The use of serological tests for detecting HIV infection in general clinical consultations and hospital consultations.

V A Maria, M V Pimpão, M L Carvalho, A E Sousa, M M Lucas, R M Victorino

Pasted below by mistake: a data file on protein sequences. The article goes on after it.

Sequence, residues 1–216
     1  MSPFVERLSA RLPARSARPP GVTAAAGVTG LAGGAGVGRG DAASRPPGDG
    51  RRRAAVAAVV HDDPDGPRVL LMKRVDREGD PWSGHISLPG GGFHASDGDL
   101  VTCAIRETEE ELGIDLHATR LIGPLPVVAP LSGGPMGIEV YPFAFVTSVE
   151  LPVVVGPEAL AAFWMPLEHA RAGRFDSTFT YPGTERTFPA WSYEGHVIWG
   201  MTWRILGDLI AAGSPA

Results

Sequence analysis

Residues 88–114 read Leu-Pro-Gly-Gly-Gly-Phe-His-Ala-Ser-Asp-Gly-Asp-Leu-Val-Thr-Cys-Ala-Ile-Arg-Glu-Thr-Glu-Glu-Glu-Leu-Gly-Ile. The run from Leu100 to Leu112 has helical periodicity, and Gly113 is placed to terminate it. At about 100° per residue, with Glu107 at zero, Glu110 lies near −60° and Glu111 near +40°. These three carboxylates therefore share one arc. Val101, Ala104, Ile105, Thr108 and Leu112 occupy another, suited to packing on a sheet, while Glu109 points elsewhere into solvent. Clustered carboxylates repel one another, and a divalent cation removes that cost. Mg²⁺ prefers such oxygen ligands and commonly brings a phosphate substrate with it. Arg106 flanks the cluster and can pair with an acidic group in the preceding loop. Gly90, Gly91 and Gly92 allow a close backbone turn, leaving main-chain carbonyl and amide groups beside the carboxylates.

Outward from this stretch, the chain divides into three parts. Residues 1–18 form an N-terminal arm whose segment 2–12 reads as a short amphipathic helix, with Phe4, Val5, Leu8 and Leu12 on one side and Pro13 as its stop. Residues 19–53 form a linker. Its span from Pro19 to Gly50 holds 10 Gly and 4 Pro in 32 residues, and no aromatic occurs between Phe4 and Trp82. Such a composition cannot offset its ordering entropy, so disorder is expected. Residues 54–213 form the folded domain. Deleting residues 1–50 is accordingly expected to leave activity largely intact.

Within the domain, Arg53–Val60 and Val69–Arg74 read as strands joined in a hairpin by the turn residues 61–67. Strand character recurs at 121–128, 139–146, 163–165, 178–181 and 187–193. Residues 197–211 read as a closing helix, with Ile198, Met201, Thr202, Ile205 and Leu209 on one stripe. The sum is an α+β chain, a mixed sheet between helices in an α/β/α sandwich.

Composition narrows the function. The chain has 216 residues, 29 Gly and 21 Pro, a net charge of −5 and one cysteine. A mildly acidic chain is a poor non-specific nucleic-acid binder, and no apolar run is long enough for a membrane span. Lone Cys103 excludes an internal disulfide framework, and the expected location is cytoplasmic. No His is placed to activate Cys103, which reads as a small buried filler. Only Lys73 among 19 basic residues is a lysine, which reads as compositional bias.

To determine the number and type of HIV tests requested in general practice (GP) and in hospital outpatient clinics, to identify principle risk behaviors, to determine the percentage of HIV positive tests and to identify possible factors associated with the request of HIV tests.Cross-sectional, analytical and observational study, involving 80 GPs and 45 hospital specialists in the region of Lisbon. All requests for HIV tests were analysed during a 12 month period.936 HIV tests were requested, with a mean of 12.47 in GP and 0.69 in the hospital. Risk behaviors observed were mainly heterosexual contacts and intravenous drug abuse (IVDA). The motives of the requests mainly were pregnancy, risk behaviors in GP and the presence of symptoms suggesting HIV infection in the hospital. The initiative of the request came from doctors in 70% of the cases. The percentage of HIV positive tests (ELISA + Western blot) was 4.2% in GP and 32% in the hospital. According to risk behaviors, the percentage of seropositivity was 33% in homo/bisexuals, 13% in IVDA, 7% in heterosexuals with risk behaviors and 0.2% in individuals with unidentified risk behaviors.The patterns of request of HIV tests differ in hospital and in GP. In a significant percentage of cases, no informed consent was obtained prior to HIV testing, both in hospital and GP. This study may serve as an indicator of the need for information and education programs concerning HIV testing directed to health professionals and the general population.

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